• 1570s — Ottoman astronomer and engineer Taqi al-Din seems to describe a rudimentary telescope in his Book of the Light of the Pupil of Vision and the Light of the Truth of the Sights. He also states that he wrote another earlier treatise explaining the way this instrument is made and used, suggesting that he invented it some time before 1574.[citation needed]
  • 1586 Giambattista della Porta writes "...to make glasses that can recognize a man several miles away" [16] It is unclear whether he is describing a telescope or corrective glasses.[17]
  • 1608 — Hans Lippershey, a Dutch lensmaker, applies for a patent for a perspective glass "for seeing things far away as if they were nearby", the first recorded design for what will later be called a telescope. His patent beats fellow Dutch instrument-maker's Jacob Metius's patent by a few weeks. A claim will later be made that another Dutch spectacle-maker, Zacharias Janssen, had a device that sounded like a telescope at the 1608 Autumn Frankfurt Fair.[18]
A replica of Galileo's telescope
  • 1609 — Galileo Galilei makes his own improved version of Lippershey's telescope, calling it a "perspicillum".
  • 1611 — Greek mathematician Giovanni Demisiani coins the word "telescope" (from the Greek τῆλε, tele "far" and σκοπεῖν, skopein "to look or see"; τηλεσκόπος, teleskopos "far-seeing") for one of Galileo Galilei's instruments presented at a banquet at the Accademia dei Lincei.[19][20][21]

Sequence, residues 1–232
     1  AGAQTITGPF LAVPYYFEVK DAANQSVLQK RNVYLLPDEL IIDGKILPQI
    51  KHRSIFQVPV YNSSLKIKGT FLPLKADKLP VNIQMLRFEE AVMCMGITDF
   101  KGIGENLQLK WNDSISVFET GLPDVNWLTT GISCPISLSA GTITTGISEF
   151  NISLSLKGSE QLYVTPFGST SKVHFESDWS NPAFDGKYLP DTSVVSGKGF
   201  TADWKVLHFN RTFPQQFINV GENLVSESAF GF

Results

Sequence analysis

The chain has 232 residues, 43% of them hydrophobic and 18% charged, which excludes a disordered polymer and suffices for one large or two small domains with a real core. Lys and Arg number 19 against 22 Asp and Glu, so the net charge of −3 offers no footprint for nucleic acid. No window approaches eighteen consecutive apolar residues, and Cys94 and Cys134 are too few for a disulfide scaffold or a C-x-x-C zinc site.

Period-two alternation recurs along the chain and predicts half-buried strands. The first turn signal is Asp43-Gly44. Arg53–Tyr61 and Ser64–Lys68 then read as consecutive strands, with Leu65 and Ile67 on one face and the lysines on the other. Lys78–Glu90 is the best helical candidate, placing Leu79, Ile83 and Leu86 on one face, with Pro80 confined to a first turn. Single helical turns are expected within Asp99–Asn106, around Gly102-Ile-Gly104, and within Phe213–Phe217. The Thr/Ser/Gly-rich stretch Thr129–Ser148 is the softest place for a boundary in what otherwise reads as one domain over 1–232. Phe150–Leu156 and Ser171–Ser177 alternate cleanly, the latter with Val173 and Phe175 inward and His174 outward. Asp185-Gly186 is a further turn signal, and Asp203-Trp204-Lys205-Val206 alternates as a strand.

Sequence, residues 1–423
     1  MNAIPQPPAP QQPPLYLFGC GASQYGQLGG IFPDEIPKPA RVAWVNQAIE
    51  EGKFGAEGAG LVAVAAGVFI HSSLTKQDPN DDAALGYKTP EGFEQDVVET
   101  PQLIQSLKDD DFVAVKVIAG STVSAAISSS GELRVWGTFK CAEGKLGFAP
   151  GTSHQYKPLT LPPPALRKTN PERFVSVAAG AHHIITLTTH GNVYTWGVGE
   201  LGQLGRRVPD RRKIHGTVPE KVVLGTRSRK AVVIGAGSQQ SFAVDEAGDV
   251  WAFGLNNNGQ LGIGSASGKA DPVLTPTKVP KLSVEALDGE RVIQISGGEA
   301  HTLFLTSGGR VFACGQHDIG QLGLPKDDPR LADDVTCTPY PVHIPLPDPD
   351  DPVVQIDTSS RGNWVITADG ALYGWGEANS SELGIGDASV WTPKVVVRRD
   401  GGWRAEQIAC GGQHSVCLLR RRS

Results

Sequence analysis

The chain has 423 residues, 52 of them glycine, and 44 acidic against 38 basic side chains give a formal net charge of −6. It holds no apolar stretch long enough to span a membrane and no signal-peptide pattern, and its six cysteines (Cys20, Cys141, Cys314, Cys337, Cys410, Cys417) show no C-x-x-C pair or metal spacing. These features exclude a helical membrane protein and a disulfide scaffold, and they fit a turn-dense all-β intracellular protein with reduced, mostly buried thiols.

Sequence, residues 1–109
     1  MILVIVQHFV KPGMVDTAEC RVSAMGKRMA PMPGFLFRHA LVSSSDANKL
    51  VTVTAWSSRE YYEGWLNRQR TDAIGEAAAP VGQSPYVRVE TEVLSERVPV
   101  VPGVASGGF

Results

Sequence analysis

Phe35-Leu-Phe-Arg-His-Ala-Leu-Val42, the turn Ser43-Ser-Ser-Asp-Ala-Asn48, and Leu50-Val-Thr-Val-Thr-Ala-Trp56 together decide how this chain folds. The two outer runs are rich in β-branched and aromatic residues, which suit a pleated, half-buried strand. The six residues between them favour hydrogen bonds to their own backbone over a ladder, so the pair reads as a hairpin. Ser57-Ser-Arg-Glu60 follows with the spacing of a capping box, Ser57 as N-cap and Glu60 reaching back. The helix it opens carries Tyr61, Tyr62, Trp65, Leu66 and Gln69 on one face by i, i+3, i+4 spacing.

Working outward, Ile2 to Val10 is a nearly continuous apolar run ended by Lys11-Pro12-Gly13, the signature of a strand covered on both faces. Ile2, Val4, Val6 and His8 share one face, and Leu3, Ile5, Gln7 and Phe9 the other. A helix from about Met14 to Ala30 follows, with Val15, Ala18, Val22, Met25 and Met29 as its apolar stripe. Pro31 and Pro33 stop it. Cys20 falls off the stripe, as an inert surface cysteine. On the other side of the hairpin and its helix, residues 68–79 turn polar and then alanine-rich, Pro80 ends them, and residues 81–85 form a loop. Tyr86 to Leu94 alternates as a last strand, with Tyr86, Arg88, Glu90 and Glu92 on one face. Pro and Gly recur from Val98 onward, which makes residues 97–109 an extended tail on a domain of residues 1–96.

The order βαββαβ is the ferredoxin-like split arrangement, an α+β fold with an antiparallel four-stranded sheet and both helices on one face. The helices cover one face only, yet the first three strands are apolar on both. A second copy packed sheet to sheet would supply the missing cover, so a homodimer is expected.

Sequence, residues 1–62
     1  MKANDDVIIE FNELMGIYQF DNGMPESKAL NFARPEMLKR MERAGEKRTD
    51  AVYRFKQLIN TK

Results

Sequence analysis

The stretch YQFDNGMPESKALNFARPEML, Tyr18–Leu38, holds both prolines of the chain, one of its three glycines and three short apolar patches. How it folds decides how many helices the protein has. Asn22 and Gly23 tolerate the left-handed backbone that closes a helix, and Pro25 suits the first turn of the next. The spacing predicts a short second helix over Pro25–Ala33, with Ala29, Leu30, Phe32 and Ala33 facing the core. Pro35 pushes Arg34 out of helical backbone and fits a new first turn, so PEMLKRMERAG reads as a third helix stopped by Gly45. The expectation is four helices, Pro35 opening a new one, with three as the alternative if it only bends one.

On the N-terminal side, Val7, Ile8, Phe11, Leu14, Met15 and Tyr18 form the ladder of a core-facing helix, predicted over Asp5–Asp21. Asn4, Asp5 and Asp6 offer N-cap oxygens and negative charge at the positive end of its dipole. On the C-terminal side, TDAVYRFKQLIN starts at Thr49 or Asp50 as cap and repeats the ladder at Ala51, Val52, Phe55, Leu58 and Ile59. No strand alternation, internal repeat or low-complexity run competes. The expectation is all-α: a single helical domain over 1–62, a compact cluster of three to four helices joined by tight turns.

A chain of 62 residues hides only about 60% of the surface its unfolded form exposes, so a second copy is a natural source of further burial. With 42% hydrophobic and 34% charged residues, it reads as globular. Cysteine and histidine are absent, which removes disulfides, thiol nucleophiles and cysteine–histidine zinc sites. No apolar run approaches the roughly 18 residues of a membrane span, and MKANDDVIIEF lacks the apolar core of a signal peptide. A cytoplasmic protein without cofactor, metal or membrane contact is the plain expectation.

• 1611 — Johannes Kepler describes the optics of lenses (see his books Astronomiae Pars Optica and Dioptrice), including a new kind of astronomical telescope with two convex lenses (the 'Keplerian' telescope).
  • 1616 — Niccolo Zucchi claims at this time he experimented with a concave bronze mirror, attempting to make a reflecting telescope.
  • 1630 — Christoph Scheiner constructs a telescope to Kepler's design.
  • 1650 — Christiaan Huygens produces his design for a compound eyepiece.
  • 1663 — Scottish mathematician James Gregory designs a reflecting telescope with paraboloid primary mirror and ellipsoid secondary mirror. Construction techniques at the time could not make it, and a workable model was not produced until 10 years later by Robert Hooke. The design is known as 'Gregorian'.
A replica of Isaac Newton's reflecting telescope of 1672
The Oldest Observatory in South America is the Quito Astronomical Observatory, founded in 1873.

2000 AD to 2018 AD[edit]

See also[edit]

References[edit]

  1. ^ Enoch J (April 2000). "First known lenses originating in Egypt about 4600 years ago!". Hindsight 31 (2): 9–17. PMID 11624467.